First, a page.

Bishop’s Cap Cactus
This little cactus gets its name from its odd star-shaped body, which resembles the religious hat worn by church bishops. There are a couple of variations to pick from, depending on the features you prefer. The Astrophytum ornatum has long spikes along the pad edges, while the Astrophytum myriostigma has no spines and brightly colored flowers on the crown. Both require plenty of sunlight and little water, making them a breeze to care for.
Bunny Ears Cactus
Also referred to as angel wing, the bunny ears cactus is part of the prickly pear species. It gets its name from the dual oval pads similar to the ears of a rabbit. Despite its cuddly name, this isn’t a plant for touching. It features small hairy spines that can puncture the skin, so it’s best to enjoy this distinctive plant from a distance. Like other cacti, this one needs little water but prefers full sun and can grow to about 3 feet.
The parodia cactus seems to be an odd yellow shade, though this coloring can be deceiving. It is actually a medium-green shade, with sharp yellow barbs covering the surface, making it as dangerous as it is eye-catching. Of course, if you can keep your hands off it, this plant makes a lovely addition to any indoor garden. Parodia is easy to maintain, requiring plenty of indirect sunlight and moderate amounts of water. If you’re lucky, you may even see some lovely red, pink, orange, or yellow flowers, depending on the species you’ve acquired.
Rat Tail Cactus
The rat tail cactus is named for the long, trailing stems that hang over the sides of its container, reaching about 4 feet in length at maturity. Those stems make this cactus a unique hanging plant, as long as you place it where it can get plenty of direct sunlight. Though the hanging stems are distinctive enough for most cactus lovers, the beautiful flowers that bloom along those stems add a touch of elegance that few cacti species can match.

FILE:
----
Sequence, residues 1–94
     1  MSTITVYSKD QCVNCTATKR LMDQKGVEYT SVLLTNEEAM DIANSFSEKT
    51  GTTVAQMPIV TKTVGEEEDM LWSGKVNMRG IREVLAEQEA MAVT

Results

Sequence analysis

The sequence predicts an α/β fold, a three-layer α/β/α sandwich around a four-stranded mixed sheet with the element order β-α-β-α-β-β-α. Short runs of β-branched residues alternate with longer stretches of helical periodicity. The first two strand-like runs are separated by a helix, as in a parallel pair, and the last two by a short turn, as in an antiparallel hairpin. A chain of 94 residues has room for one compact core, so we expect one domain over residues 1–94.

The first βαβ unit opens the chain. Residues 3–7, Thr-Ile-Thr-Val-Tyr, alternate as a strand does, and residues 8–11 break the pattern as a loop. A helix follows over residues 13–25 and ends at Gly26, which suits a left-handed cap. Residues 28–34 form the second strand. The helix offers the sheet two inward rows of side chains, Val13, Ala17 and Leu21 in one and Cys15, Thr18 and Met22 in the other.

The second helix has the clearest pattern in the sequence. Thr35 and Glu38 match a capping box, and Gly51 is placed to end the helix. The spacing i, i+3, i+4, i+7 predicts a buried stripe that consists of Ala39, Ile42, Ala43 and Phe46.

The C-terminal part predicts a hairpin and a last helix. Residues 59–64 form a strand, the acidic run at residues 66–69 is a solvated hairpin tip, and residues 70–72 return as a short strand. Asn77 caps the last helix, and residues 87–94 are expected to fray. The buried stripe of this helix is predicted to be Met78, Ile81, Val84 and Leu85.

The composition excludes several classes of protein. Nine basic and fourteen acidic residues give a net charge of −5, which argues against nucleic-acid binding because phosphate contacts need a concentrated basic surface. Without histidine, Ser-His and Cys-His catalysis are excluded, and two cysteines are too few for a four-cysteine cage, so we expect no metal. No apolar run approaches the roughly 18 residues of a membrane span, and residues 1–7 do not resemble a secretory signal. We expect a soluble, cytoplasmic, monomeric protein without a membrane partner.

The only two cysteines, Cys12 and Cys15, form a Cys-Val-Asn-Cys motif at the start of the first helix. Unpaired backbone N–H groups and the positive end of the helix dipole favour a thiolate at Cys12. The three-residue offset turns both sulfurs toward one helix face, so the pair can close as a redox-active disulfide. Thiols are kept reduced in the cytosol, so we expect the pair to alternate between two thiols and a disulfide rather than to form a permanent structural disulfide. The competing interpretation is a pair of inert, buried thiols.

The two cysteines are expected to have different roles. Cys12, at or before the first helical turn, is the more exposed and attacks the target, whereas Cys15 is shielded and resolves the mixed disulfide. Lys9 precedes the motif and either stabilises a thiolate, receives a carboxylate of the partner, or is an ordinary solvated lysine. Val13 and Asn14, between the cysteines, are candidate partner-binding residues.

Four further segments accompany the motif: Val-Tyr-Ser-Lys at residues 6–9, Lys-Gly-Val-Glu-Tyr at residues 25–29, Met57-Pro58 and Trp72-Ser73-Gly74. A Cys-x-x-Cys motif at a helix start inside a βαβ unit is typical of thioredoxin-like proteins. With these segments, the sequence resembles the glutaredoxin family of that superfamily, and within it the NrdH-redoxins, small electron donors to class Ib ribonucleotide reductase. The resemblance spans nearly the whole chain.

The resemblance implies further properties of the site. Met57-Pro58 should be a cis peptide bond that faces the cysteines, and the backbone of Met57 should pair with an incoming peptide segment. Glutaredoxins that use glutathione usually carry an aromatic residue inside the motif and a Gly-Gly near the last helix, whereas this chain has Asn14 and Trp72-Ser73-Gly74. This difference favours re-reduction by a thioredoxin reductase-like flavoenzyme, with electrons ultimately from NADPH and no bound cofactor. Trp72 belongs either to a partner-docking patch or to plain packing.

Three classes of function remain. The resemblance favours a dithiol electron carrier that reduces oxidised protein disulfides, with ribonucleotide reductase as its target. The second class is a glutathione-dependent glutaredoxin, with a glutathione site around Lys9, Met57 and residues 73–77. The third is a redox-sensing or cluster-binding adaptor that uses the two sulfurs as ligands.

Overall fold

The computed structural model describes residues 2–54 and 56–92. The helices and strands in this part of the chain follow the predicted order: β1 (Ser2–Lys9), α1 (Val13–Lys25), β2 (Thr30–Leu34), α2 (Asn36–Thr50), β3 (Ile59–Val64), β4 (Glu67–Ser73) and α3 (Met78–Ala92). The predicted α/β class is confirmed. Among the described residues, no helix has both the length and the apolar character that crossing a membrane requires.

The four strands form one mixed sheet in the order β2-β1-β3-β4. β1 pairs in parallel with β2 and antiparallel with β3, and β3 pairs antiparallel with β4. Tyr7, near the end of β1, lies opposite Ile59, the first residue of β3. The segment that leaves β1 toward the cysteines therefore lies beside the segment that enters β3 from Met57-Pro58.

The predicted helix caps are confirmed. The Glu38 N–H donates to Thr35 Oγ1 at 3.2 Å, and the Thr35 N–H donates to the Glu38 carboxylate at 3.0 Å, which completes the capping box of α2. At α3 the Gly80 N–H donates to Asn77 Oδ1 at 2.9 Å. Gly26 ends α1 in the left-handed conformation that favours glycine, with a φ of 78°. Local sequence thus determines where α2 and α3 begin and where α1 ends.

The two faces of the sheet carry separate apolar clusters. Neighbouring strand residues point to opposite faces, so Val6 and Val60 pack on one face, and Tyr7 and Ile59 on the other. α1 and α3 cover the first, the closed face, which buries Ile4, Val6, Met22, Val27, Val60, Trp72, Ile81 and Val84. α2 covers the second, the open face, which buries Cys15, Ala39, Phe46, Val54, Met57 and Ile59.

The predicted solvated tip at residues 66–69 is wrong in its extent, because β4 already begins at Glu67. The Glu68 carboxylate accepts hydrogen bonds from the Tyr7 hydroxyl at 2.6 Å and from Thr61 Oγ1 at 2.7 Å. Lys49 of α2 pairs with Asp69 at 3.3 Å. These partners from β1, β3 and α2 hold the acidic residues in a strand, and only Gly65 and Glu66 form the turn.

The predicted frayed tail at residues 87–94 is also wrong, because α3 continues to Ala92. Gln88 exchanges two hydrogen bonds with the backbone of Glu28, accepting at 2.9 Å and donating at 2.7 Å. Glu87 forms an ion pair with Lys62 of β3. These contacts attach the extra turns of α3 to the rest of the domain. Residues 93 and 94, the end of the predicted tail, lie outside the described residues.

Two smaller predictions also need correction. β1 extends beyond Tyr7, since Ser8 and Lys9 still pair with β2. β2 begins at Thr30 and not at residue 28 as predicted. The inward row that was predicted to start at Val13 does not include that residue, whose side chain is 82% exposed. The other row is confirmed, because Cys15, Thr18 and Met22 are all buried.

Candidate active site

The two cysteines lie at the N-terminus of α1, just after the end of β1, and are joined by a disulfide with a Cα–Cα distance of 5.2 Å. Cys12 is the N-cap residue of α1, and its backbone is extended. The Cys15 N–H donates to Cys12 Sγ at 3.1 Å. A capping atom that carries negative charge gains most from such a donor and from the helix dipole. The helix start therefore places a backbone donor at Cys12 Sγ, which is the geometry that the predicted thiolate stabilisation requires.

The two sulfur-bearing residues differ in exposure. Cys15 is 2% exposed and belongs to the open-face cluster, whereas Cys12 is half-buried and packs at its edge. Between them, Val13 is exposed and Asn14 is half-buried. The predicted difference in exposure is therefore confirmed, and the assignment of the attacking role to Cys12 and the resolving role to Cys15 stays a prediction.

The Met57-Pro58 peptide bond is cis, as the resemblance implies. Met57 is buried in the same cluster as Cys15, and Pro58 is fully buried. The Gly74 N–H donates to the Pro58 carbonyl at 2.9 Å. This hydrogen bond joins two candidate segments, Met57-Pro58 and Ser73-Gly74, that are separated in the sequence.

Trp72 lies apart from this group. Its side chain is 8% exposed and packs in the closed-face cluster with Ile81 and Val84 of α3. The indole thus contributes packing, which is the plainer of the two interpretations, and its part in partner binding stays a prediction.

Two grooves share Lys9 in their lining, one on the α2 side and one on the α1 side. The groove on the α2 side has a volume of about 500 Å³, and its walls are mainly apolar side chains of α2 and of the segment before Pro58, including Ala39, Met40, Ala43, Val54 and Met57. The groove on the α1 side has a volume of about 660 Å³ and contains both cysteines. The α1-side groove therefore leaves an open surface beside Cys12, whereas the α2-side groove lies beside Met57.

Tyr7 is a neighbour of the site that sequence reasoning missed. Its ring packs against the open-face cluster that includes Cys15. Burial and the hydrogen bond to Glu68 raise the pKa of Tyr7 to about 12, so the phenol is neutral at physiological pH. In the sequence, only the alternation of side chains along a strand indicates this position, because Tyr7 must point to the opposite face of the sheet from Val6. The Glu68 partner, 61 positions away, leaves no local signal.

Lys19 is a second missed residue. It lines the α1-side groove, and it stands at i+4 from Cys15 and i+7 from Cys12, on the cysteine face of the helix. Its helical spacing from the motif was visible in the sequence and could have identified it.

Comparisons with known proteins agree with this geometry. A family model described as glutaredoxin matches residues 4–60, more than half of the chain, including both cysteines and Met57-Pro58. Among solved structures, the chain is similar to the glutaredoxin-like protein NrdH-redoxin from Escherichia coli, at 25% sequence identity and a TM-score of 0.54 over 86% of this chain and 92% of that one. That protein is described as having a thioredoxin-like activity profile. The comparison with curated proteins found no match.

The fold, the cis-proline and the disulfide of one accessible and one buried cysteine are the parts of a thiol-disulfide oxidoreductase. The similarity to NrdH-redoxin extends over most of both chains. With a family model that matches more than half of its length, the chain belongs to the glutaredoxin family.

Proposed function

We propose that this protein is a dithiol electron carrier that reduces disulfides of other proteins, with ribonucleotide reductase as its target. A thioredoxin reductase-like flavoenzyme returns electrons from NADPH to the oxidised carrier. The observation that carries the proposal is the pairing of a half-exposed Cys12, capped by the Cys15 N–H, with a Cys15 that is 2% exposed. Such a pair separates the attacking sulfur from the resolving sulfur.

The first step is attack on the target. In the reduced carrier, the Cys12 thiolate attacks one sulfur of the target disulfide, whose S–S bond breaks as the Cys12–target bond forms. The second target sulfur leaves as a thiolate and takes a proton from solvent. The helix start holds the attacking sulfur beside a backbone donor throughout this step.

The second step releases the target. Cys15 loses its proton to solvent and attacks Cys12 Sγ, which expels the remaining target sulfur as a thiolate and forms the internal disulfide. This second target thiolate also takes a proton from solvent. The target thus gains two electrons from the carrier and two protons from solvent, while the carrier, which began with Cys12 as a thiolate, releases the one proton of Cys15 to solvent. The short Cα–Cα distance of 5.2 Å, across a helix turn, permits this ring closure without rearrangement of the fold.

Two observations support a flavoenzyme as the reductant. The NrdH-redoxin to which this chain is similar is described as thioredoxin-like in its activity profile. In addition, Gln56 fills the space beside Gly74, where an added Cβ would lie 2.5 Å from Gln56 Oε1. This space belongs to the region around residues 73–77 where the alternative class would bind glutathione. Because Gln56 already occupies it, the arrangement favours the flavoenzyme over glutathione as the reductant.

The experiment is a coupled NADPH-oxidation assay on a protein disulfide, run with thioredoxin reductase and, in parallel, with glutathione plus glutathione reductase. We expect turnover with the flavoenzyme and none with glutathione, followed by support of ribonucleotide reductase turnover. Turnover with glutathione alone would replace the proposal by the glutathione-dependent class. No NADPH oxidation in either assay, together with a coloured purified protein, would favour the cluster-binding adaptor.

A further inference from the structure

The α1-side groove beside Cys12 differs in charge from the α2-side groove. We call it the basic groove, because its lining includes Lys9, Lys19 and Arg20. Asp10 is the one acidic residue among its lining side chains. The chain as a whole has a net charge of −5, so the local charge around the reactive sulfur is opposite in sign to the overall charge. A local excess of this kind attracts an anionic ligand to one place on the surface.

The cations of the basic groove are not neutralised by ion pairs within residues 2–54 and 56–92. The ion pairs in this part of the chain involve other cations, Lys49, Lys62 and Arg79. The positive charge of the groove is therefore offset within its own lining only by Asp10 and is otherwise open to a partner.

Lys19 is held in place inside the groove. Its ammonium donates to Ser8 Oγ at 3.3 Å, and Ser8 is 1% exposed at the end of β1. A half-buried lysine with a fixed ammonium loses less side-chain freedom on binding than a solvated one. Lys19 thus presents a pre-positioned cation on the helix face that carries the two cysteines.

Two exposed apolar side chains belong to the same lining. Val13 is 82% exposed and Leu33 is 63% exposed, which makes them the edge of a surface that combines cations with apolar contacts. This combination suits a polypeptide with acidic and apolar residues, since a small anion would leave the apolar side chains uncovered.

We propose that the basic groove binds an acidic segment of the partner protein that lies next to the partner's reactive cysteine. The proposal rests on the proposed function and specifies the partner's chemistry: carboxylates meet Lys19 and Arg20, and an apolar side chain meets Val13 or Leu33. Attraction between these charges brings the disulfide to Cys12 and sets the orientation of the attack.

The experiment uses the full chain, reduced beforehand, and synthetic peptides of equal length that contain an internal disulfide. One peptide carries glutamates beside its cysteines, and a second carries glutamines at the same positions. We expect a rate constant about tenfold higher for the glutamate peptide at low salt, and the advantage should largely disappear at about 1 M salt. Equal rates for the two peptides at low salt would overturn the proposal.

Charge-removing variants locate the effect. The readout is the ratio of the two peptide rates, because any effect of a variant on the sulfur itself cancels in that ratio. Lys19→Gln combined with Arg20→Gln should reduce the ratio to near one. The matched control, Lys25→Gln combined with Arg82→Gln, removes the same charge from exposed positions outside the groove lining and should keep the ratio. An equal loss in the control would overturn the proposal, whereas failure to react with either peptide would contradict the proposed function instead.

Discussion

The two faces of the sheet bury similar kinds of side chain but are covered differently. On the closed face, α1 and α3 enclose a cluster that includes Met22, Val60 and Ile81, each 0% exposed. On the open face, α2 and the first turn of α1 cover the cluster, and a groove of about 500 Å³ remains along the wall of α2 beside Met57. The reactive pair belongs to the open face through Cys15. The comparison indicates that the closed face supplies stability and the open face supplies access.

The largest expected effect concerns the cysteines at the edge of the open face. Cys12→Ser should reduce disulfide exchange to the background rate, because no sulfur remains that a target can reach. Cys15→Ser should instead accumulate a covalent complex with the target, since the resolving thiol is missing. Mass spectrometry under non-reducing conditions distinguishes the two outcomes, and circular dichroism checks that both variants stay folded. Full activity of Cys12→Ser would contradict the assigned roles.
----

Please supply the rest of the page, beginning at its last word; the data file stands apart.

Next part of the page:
Golden Barrel Cactus
Formally known as Echinocactus grusonii, the golden barrel cactus is an endangered species, which is why it’s so hard to find. It has a unique globe-like shape with a flat top. Golden spines curve gently from the ribs in small clusters, making this a tricky plant to handle. It can go a few months without water as long as it gets plenty of full sunlight. Though they can reach heights of 6 feet, they grow very slowly, so are quite manageable indoors. If given the right conditions, you may eventually be rewarded with some pretty yellow blooms, though it may take 15 years for them to appear.
San Pedro Cactus
Our last cacti variety is none other than the San Pedro Cactus. This cactus is native to the Andes mountains, and has been used for religious ceremonies by the people there for thousands of years. In terms of care, San Pedro is quite easy. It enjoys indirect but bright sunlight, and infrequently waterings. In the wild it can reach heights of up to 20’ but indoors typically tops out at much more manageable height of a few feet.
Best Types Of Cacti
There are thousands of cacti varieties out there, so any list is only going to touch on a handful of them. Hopefully, the options listed above take your fancy and meet your needs. If not, don’t worry, there are still tons of options to choose from. With a species as varied as cacti, there’s sure to be one out there to fit into any garden.